Preferences of gay and bisexual men for pharmacy-based HIV testing and over-the-counter HIV tests
Meyerson et al.
Type of approach
Type of assistance
Key population: Men who have sex with men
UNAIDS HIV prevalence (2017)
0.2 [0.2 - 0.2]
Study assessed acceptability of and preferences around HIVST among men who have sex with men, compared to pharmacy-based HIV testing.
Summary of findings
Rural men who have sex with men (MSM) in general and MSM who did not know their HIV status were more likely to purchase an HIVST kit over-the-counter. Men who did not know their HIV status also preferred HIVST over-the-counter to testing for HIV at a pharmacy. Pharmacies should enhance information around the sale of HIVST over-the-counter, particularly in rural areas. Information should include test results, opportunities for consultation, and linkage to care.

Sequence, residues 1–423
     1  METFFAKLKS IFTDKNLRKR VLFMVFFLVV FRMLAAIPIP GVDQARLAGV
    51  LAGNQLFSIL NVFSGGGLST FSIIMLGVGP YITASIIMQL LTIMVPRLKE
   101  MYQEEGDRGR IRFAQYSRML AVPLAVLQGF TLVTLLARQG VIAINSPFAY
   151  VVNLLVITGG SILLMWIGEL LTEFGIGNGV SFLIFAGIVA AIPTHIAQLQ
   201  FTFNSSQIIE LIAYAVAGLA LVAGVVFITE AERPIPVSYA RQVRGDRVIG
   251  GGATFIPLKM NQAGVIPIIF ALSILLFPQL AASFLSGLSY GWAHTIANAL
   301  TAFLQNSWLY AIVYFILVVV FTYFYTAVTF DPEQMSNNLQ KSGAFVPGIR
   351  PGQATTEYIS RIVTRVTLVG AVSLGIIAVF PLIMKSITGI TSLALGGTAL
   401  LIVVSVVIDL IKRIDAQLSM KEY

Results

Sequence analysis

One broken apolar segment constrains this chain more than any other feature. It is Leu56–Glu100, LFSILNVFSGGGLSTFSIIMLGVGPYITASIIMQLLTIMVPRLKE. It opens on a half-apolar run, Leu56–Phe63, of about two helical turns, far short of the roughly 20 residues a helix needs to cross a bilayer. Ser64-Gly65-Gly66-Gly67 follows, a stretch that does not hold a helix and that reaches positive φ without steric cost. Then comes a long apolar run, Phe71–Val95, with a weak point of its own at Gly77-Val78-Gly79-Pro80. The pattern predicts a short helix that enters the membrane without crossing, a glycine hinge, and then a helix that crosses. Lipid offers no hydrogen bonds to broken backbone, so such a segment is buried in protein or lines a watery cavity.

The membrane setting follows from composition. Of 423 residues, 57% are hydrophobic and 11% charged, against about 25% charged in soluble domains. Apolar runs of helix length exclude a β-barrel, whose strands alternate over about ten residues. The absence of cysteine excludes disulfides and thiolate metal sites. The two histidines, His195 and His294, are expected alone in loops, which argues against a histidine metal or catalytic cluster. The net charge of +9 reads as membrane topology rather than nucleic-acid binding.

Participants accepted both OTC (66.7%) and pharmacist-provided (54.0%) HIV testing, and 40.4% indicated that they would be likely to engage in both types of testing, while 18.6% indicated that they were unlikely to do either.
Willingness to pay
Willingness to pay details
One-quarter (27.3%) reported that they were likely to purchase an over-the-counter (OTC) HIV test, but were unlikely or uncertain about pharmacy-based testing, and 13.7% indicated that they were unlikely to purchase an OTC test kit, but were likely to test in a pharmacy.
Linkage to prevention, care and treatment
More than half (57.9%) would talk with a pharmacist about HIV medications and 53.0% indicated that they would be somewhat to very likely to talk to a pharmacist about finding a doctor or getting help if their test was positive, and 43.9% would seek answers to questions about HIVST purchased in a pharmacy.